Argentina, four others qualify for World Cup
London, June 9:
With a year to go before the World Cup, five teams have joined host Germany in the 32-nation
field for the sport’s showpiece championship. Japan and South Korea, co-hosts of the 2002 World Cup, were among the four teams qualifying on Wednesday from Asia. They were joined by Iran and Saudi Arabia. In South America, two-time champion Argentina qualified for the ninth time in a row by beating traditional rival, five-time winner and reigning champ Brazil 3-1. Brazil, which holds second place in South American qualifying, needs one more victory in its last three games to maintain its record as the only nation to play at all 18 World Cups. The line of European contenders is led by a team that’s never made it to the finals before. With AC Milan striker Andriy Shevchenko in the lineup and two-time World Cup player
Oleh Blokhin as coach, Ukraine needs just one more victory from its last three games to reach the championship for the first time since the breakup of the Soviet Union in 1991.
Shevchenko and his teammates could qualify at the expense of European champion Greece, while there’s a strong chance that Spain and France may also fail to make it. The Ukrainians beat Greece 1-0 to move seven points clear of their European Group 2 rivals. A 6-0 Turkey victory in Kazakhstan pushed the Greeks down to third in the standings.
In Europe, only the eight group winners and best two runners-up are guaranteed places in the June 9-July 9 finals. The other six second-place finishers can advance through playoffs.
The Netherlands and the Czech Republic, both high-scoring winners on Wednesday, could both qualify from their group as they chase their first World Cup titles. The Dutch overpowered Finland 4-0 in Helsinki. The Czechs routed Macedonia 6-1 with Jan Koller scoring four times. Poland and England, neck-and-neck in their group, could also clinch World Cup berths before they face each other in the final round of games at Old Trafford in October.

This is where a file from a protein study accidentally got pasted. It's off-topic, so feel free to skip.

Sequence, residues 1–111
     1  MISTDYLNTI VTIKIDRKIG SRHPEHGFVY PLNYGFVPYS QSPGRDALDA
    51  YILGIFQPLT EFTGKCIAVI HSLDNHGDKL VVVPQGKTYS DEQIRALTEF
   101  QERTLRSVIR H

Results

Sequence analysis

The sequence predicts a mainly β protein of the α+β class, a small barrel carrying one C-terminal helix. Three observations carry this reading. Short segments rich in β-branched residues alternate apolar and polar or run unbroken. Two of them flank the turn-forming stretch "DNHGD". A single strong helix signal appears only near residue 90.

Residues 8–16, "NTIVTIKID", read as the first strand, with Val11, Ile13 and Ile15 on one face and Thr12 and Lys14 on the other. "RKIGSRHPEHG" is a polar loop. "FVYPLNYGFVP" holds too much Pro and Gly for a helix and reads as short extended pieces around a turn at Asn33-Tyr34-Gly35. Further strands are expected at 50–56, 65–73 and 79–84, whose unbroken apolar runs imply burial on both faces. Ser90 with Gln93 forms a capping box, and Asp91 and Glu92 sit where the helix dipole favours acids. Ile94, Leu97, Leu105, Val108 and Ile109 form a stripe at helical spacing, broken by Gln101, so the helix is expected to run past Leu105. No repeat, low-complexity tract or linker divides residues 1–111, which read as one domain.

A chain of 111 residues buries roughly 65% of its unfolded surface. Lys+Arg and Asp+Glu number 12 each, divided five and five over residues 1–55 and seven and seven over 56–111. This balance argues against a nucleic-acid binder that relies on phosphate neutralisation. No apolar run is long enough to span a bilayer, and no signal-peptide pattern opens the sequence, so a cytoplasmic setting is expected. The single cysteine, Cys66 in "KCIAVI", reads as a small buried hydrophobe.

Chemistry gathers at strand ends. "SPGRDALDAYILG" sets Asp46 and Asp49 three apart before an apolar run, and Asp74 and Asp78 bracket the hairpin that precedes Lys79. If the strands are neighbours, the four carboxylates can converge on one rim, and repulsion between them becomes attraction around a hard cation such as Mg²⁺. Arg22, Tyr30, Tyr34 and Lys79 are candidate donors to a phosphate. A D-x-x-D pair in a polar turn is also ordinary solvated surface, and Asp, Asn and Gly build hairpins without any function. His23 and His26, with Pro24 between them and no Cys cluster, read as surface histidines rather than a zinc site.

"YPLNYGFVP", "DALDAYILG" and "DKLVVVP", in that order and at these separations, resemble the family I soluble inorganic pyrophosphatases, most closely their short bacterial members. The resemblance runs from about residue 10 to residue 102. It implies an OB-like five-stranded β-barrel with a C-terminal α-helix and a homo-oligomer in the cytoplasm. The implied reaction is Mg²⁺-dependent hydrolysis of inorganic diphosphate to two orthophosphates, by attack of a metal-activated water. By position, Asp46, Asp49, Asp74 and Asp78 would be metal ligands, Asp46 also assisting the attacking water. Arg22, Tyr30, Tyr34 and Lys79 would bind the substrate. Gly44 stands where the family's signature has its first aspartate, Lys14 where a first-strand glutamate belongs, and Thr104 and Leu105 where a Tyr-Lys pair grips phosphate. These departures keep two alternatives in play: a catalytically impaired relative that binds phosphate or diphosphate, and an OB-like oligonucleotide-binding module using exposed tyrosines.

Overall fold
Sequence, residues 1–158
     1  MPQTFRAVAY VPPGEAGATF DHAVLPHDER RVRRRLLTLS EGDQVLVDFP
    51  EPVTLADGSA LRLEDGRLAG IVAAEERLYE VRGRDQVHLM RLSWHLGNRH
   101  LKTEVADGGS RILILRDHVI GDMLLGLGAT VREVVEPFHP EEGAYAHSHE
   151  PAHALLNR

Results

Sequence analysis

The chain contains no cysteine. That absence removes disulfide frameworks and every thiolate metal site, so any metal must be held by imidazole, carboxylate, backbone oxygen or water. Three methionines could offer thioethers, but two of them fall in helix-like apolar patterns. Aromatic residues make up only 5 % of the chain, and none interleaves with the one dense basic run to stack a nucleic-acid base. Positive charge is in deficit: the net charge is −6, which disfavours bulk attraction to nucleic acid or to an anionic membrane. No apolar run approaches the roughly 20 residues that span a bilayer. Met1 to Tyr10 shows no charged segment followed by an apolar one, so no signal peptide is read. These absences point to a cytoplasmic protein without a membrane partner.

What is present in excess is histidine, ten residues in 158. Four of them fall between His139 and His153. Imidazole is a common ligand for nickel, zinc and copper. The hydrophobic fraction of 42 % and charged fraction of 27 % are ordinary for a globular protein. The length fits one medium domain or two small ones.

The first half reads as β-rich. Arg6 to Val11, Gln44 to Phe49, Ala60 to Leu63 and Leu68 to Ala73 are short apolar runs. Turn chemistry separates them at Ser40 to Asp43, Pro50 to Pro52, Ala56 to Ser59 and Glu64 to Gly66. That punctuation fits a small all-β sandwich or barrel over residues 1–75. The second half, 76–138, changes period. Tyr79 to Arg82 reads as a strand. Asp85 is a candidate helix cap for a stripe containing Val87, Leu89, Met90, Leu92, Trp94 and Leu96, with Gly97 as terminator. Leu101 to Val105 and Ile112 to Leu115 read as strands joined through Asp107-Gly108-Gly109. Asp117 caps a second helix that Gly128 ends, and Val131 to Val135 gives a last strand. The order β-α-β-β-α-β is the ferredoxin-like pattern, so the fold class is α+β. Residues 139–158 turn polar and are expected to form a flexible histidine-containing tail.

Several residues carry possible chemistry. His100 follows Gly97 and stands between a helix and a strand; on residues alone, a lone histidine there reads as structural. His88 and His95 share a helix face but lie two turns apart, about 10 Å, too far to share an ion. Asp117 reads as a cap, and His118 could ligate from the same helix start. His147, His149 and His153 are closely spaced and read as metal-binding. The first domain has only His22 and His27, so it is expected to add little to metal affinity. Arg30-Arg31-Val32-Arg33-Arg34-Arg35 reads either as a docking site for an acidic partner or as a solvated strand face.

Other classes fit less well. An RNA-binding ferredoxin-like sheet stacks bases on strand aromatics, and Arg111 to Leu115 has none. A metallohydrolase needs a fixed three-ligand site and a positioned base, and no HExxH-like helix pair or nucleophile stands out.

Three-time winner Italy is in a strong position to qualify for the 12th time in a row, holding a four-point lead at the top of its group. By contrast, France no longer looks like the dominant force that won World Cup and European titles in 1998 and 2000, and could be in danger of missing out on the 2006 tournament. Raymond Domenech’s team has slipped to fourth in its qualifying group, although the standings are so close the French could easily finish first ahead of Ireland, Switzerland and Israel. Spain’s chances of qualifying suffered a blow on Wednesday with a 1-1 draw at home against modest Bosnia-Herzegovina. The Spaniards needed an equaliser six minutes into injury time to avoid a stunning defeat. Serbia-Montenegro has a stronger chance of finishing first in the group.
The United States is in good position to make it for the fifth straight time after a 3-0 victory in Panama. Like group leader Mexico, Bruce Arena’s team needs to win two of its remaining five games. No team has yet qualified from Africa, which has emerged as a powerful force in world soccer since Morocco was the first from the continent to qualify in 1970. Coincidentally, the Moroccans are among the favorites to qualify, holding a four-point lead over Tunisia. South Africa, Togo and Ivory Coast are also clear group leaders. Nigeria, aiming to reach the finals for the fourth time in a row, is tied with Angola, which has never qualified.